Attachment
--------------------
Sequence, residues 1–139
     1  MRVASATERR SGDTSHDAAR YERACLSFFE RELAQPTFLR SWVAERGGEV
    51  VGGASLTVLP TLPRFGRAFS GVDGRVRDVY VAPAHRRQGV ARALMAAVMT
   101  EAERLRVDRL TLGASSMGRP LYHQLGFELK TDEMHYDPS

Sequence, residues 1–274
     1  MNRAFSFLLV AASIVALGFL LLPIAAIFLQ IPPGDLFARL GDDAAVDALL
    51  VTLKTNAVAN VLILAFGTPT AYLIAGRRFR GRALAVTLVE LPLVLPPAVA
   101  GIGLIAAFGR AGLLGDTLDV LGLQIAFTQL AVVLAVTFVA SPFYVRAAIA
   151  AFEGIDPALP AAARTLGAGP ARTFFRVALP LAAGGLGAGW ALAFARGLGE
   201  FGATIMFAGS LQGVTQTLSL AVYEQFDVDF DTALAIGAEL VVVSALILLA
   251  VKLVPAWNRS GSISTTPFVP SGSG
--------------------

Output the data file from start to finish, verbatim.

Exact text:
Sequence, residues 1–139
     1  MRVASATERR SGDTSHDAAR YERACLSFFE RELAQPTFLR SWVAERGGEV
    51  VGGASLTVLP TLPRFGRAFS GVDGRVRDVY VAPAHRRQGV ARALMAAVMT
   101  EAERLRVDRL TLGASSMGRP LYHQLGFELK TDEMHYDPS

Sequence, residues 1–274
     1  MNRAFSFLLV AASIVALGFL LLPIAAIFLQ IPPGDLFARL GDDAAVDALL
    51  VTLKTNAVAN VLILAFGTPT AYLIAGRRFR GRALAVTLVE LPLVLPPAVA
   101  GIGLIAAFGR AGLLGDTLDV LGLQIAFTQL AVVLAVTFVA SPFYVRAAIA
   151  AFEGIDPALP AAARTLGAGP ARTFFRVALP LAAGGLGAGW ALAFARGLGE
   201  FGATIMFAGS LQGVTQTLSL AVYEQFDVDF DTALAIGAEL VVVSALILLA
   251  VKLVPAWNRS GSISTTPFVP SGSG